this year, Hyco Academy announced that "this school is strictly pre-
paratory to the University," 1''^ and repeated the announcement in 1820. i^

In 1819, Professor Mitchell of the University was commissioned by
the Raleigh Academy to buy its "philosophical apparatus" ;19 and Abner
W. Clopton, a University graduate, founded the female academy at
Milton.20

In 1820, Thomas G. Stone, a graduate of the University, began to
teach at the Hilliardston Academy in Nash County ;2i and the next year
Williamsboro Academy announced that "the different branches of edu-
cation as established by the Faculty at the University of this State will
be adopted in this Institution. "22 In 1824, the same school published
that "Students may here be prepared for the Freshman or Sophomore
class in the University."23 Xhe next year the principal of this school
said that "the department immediately under my own care will hence-
forth be divided into four classes, preparatory to the University."^*
It is worthy of note, too, that in 1820 James F. Martin "a late graduate
of the University of North Carolina" was principal of the Madison
Academy ;25 and that James A. Craig of Chapel Hill Academy, said
that "the course of studies in this Academy will be (as usual) so ar-
ranged as to render it in every respect preparatory to the University" ;26
also that tbe Louisburg Male Academy claimed that "the plan of educa-
tion is calculated to prepare young gentlemen for the University. "2"

In 1821, Shocco Male Academy announced, among other things, that
"young men can be prepared for the University."^^

In 1822, John Rodgers said that the studies in Hillsboro Academy
were preparatory to the University.^^* From 1822 to 1828, Charles
A, Hill conducted Midway Academy in Franklin County as a school
7)repnratorv to the University. A typical announcement of his said
that the course of classical studies is so arranged as to constitute Mid-
way Academy preparatory to our University.*^^ During this year John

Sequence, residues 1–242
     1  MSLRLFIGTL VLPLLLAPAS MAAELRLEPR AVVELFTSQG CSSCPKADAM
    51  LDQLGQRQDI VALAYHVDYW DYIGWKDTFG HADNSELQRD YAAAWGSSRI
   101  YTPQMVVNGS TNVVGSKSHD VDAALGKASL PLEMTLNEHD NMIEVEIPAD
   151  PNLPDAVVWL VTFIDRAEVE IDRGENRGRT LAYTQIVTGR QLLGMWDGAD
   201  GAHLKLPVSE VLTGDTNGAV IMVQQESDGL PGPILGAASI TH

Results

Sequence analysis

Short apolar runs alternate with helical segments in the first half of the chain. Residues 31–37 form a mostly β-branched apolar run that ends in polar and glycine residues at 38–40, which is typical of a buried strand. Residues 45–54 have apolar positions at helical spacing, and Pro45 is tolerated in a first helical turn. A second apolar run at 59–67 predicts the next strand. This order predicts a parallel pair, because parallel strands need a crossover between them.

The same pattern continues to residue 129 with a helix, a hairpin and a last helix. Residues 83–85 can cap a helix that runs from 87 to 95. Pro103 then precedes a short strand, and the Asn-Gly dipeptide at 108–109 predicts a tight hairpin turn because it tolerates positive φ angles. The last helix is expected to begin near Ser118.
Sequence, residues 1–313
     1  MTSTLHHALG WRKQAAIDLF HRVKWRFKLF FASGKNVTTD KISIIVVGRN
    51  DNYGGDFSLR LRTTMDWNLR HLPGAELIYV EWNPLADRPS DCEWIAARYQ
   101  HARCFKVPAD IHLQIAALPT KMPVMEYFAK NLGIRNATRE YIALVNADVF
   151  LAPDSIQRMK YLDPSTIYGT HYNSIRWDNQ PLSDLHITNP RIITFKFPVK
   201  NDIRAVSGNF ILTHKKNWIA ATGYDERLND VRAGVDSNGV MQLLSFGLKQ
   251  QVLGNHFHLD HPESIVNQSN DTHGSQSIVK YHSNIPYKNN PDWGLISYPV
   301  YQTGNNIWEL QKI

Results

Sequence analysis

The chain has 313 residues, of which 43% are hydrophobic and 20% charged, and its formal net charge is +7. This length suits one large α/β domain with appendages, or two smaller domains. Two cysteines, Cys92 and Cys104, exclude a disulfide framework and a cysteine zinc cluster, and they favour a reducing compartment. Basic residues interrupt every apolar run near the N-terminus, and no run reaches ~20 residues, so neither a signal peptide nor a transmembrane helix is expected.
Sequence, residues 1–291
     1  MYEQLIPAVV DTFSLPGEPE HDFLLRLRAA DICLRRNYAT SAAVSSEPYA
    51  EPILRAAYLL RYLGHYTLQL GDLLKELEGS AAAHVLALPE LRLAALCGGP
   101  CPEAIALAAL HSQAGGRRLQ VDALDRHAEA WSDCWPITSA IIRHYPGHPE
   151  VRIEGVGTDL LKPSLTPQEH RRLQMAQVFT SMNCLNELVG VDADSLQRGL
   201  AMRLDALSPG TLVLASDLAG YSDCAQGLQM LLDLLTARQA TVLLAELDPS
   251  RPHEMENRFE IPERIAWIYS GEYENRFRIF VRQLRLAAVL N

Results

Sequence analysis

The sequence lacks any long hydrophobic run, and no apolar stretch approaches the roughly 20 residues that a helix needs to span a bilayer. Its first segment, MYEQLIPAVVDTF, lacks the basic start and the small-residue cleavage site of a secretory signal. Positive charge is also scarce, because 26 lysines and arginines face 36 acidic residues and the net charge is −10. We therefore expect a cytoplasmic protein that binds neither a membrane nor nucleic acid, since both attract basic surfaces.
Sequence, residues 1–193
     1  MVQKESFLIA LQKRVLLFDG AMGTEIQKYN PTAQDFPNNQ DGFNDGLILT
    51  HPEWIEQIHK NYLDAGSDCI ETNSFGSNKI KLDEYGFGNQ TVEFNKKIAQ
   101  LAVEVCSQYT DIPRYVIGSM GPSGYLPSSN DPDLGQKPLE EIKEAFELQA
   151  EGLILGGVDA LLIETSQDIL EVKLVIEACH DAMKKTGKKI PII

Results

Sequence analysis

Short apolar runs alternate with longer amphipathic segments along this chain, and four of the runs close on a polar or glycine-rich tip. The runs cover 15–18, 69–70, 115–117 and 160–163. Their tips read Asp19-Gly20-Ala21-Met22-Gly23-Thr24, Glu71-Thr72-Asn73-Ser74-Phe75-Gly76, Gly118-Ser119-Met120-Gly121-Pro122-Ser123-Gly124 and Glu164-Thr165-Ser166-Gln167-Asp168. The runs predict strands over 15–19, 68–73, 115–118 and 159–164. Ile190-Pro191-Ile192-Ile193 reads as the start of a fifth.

Louis Taylor, an jilnmnus of the University, began his law school at
Raleigh.^i

In 1823, Warrenton Academy advertised that its principal was James

>'P. 125. ««P. 95. >'P. 25. "P. 178. »'P. 26. "P. 27. i»P. 4.55. "P. 30. J'P. 264. ^^P. 125.
»'P. 125. »*P. 126. "P. 345. "P. 299. "P. 99. »'P. 606. "P. 283. »°PP. 107-113. "P. 531.



Introduction vii

H. Otey, who was educated at the University of North Carolina.^^
The same year the Raleigh Academy gave notice that "the sessions and
vacations of the school will be regulated for the present, by those of the
University of North Carolina" ;^" and a like announcement was
made in 1823 for the Episcopal School at Raleigh. ^'^ Wake Forest
Academy this year announced that "the classical course prescribed
by the University of North Carolina will be followed here."'^^ Also,
during the year 1823, John Rodgers of the Hillsboro Academy had pub-
lished that "at the late Examination of the Faculty of the University
of this State, fifteen young Gentlemen were approved on the studies
preparatory to the Freshman Class, and six for the Sophomore."^^
Finally, in 1823, the New Bern Academy Plan of Education announced
that "the system of studies in the Classical Department shall be similar
to that preparatory to admission into the University of N. C. and include
the studies of the Freshman and Sophomore Classes of the University,
when required."^'^

In 1824, the Catawba School in Lincoln County, advertised that its
"course of instruction is such as to qualify students for admission into
the University of this State."^^ Farm well Grove Academy in Halifax
announced that its principal was John Bragg, "a graduate of our Uni-
versity, "^^ William C. Love, who has already been mentioned as a
University man, was now principal of the Springfield Academy.^o
Morganton Academy advertised Alexander E. Wilson, a graduate of the
University, as its principal ;^i and William Hooper announced that his
Select Classical School at Fayetteville will prepare students to enter
the University of North Carolina.

In 1825, William M. Green, a distinguished graduate of Chapel Hill,
began his famous female seminary at Hillsboro. "^^ John Rodgers, of the
Hillsboro Academy, announced that "we decline admitting students who
are, at this time, qualified to enter the Freshman Class in Jhe University
of North Carolina, as our scheme of studies extends no farther than a
thorough preparation of our pupils for admission to this class" ;'*3 and
Pittsboro announced that Mr. Lalor's tuition prepares for the Univer-
sity and that John D. Clancy, a University graduate, had succeeded to
the principalship of that school.'*'*

In 1826, John J. Wyche, a University man, took charge of the Farm-
well Grove Academy in Halifax.^s

In 1827, Smithfield Academy, then in charge of J. Waruock, a grad-
uate of Glasgow, announced that "the classical course will be adapted to
that observed at Chapel Hill."'*^ The same year the Nashville Academy,